Help them define their strengths and competencies. Encourage them to take their professional development into their own hands. They need to be in charge of their future. Employers need to stay in the role of coach or mentor, not delegator.
Create roles for your employees that fit their strengths. You want your millennial employees (and frankly all of your employees) to take pride in their work and performance as well as leverage their innate talents. Develop accountability goals with your employees and allow them to take ownership of their career paths.
By actively encouraging your employees along their career paths, you’re creating employees who are loyal and dedicated to the company and who are becoming brand ambassadors. Loyal, involved employees are happy employees. Happy employees stay at their jobs longer than unhappy employees.
Developing your employees, through training or helping define their career path, creates employees who are continuously learning and refining their skills, which helps them directly and contributes to your company. You’re also contributing to your retention of your millennial employees. Good all the way around.
Demonstrate corporate social responsibility
Seventy percent of millennials are willing to work for organizations that support causes that they care about. Enter corporate social responsibility. Although millennials support many different causes, there’s one common thread. As a generation, a majority of millennials want to give back to the community, whether it’s local or global.
Creating corporate social responsibility programs doesn’t have to be a major undertaking, either. You can have your employees participate in a 5K for breast cancer research or donate at the local food bank. Ask your current employees, especially your millennials, what they're interested in socially. Get them involved in the decision making process.
Showcase your organization’s involvement internally, through email, at team meetings, or through the company newsletter. Also, send out posts of your involvement on social media, and encourage your current employees to like and share. Prospective employees will start associating your company with its social involvement. You’ll become an employer of choice!
Reward employees for referring job candidates
When attracting millennials to your organization as prospective employees, look no further than your current employees. Employee referrals are the number one source of hire by volume. And referred workers have higher productivity, lower turnover, and lower screening costs. Your current millennial employees could already be connected to your next rising star.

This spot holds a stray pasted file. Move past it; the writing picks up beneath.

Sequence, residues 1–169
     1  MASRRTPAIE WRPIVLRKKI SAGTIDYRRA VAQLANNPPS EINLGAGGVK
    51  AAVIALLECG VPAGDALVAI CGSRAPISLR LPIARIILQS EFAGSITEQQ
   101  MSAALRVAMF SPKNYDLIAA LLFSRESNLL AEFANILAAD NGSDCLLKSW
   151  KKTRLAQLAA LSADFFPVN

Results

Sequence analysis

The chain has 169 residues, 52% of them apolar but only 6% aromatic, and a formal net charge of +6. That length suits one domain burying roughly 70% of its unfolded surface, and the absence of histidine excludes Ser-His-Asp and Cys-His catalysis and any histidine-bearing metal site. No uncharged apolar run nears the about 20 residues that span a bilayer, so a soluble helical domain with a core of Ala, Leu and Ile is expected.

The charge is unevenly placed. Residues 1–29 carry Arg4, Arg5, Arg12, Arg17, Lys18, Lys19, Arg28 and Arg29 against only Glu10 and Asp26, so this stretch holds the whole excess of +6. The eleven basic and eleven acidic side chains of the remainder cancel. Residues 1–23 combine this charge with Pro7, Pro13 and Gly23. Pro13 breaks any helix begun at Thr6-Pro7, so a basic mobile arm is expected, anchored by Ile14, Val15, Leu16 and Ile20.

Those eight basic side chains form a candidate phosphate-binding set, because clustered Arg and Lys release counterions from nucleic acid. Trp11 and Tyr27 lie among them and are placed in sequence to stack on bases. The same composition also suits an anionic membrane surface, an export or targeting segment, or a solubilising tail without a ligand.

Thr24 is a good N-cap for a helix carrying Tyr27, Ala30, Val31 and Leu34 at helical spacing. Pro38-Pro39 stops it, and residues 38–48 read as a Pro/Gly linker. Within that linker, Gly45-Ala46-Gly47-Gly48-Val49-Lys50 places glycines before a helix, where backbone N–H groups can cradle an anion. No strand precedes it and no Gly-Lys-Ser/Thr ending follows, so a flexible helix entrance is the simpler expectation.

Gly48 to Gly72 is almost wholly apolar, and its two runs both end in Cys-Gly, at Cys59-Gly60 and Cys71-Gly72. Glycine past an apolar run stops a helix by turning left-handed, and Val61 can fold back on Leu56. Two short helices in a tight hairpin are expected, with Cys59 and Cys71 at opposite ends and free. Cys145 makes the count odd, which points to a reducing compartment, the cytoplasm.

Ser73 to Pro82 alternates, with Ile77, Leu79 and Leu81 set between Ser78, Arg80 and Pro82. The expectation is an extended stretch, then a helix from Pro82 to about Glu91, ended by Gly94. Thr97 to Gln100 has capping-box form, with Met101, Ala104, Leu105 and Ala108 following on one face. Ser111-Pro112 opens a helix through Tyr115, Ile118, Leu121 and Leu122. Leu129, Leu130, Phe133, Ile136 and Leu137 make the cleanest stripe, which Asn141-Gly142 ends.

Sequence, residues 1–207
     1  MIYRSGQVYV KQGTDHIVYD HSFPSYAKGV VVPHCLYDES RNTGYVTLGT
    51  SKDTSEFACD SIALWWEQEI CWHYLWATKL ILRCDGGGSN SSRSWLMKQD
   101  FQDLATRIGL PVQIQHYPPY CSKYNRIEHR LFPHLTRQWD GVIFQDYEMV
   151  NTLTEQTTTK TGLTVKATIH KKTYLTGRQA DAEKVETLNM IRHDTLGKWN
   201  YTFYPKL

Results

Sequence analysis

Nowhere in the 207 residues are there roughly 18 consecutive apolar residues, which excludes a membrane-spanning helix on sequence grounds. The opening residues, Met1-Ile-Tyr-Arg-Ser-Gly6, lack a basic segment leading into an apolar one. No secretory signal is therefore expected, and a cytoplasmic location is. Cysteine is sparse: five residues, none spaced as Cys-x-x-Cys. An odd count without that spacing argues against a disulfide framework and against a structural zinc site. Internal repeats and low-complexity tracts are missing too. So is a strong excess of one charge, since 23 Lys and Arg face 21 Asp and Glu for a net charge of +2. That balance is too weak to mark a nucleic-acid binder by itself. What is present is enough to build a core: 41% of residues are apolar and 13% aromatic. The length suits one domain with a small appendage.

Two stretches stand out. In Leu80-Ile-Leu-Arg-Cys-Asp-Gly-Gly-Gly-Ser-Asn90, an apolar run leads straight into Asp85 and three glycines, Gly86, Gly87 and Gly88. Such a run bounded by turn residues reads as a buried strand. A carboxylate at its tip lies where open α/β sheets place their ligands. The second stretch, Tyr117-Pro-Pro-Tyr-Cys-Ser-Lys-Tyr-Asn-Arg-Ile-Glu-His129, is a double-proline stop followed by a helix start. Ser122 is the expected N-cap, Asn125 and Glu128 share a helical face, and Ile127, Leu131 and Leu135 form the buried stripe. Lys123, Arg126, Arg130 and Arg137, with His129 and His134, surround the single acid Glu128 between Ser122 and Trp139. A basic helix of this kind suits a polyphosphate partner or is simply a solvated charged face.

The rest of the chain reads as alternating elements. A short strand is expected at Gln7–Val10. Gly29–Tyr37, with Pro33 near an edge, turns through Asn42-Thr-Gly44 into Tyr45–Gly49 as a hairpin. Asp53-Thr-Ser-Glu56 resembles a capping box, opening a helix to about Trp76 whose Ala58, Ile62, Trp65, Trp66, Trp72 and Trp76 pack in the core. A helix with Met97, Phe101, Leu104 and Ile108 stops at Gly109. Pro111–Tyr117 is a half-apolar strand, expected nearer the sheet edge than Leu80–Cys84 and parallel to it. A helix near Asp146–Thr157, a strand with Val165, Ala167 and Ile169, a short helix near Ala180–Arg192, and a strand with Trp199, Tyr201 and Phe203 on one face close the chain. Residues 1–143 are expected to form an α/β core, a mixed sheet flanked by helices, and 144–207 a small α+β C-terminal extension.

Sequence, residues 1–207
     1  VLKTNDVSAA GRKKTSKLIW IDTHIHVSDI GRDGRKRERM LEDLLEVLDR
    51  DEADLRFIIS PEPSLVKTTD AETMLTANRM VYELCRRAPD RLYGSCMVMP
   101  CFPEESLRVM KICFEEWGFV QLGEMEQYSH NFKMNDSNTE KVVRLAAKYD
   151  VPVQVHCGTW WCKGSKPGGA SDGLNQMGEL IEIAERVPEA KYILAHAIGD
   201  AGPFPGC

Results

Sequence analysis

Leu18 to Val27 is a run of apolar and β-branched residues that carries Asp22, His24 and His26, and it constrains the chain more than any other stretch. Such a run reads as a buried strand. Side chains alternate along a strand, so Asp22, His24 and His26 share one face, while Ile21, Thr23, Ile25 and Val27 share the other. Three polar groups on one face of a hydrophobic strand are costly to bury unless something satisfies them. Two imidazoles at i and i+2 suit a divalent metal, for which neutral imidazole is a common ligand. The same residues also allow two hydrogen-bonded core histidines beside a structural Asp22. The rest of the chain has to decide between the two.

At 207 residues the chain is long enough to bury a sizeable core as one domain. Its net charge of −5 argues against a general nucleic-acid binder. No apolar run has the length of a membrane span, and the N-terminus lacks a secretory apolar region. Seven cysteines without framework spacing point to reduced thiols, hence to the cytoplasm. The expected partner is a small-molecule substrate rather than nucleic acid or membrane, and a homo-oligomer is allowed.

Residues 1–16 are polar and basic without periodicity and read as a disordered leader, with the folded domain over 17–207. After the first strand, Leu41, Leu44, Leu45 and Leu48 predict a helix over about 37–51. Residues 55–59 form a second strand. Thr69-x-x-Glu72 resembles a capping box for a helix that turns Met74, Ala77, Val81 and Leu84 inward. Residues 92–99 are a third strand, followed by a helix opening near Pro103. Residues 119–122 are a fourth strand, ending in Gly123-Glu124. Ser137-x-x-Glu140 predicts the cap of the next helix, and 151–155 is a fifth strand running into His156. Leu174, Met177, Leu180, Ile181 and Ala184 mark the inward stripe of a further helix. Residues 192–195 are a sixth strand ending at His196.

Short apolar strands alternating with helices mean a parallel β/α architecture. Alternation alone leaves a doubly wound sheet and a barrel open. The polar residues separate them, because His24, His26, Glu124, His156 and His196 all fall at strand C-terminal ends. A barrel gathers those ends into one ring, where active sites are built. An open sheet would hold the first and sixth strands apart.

So how do you convince your employees to refer prospective employees to you?
Establish a fantastic employee referral program. Make sure that everyone understands the parameters around the referral program. What are the rules? When do people get incentives? Are all incentives the same? Are all referrals treated the same?
Reward your employees for referring candidates during the hiring process as opposed to when their referral leads to a hire. Give a little swag here and there. Give some extra time off. The hiring process can be lengthy - rewarding as you go along will encourage employees to keep referring.
Adapt a different way of recruiting
If you have an outstanding culture, you offer professional development, and you demonstrate corporate social responsibility, your millennial employees are going to want to sing your praises. They’ll want to refer their friends and acquaintances to your organization for job opportunities. After all, the best brand ambassadors are your current employees. And on the flip side, those happy millennials that are referring, they’ll probably stay awhile too.
The workplace is shifting and millennials can be credited with much of this shift. If anything, we’ll continue to see vast change in companies over the next several years. Millennials approach their jobs and careers with a different set of expectations. They want to learn and develop, both professionally and personally. They want to understand how their careers are going to grow. They want to have work-life balance (for real), and they want to have meaning and life purpose in their careers, even if they have to sacrifice compensation to get it.
To attract and retain millennials, organizations need to adapt to a different way of recruiting. It’s a more holistic form of recruiting now. It’s more than one interview, a meet-and-greet, salary, benefits, and here’s your desk. Millennials want their career to fit their life and their life to fit their career. It’s a blending of worlds.
It’s time to change how we hire.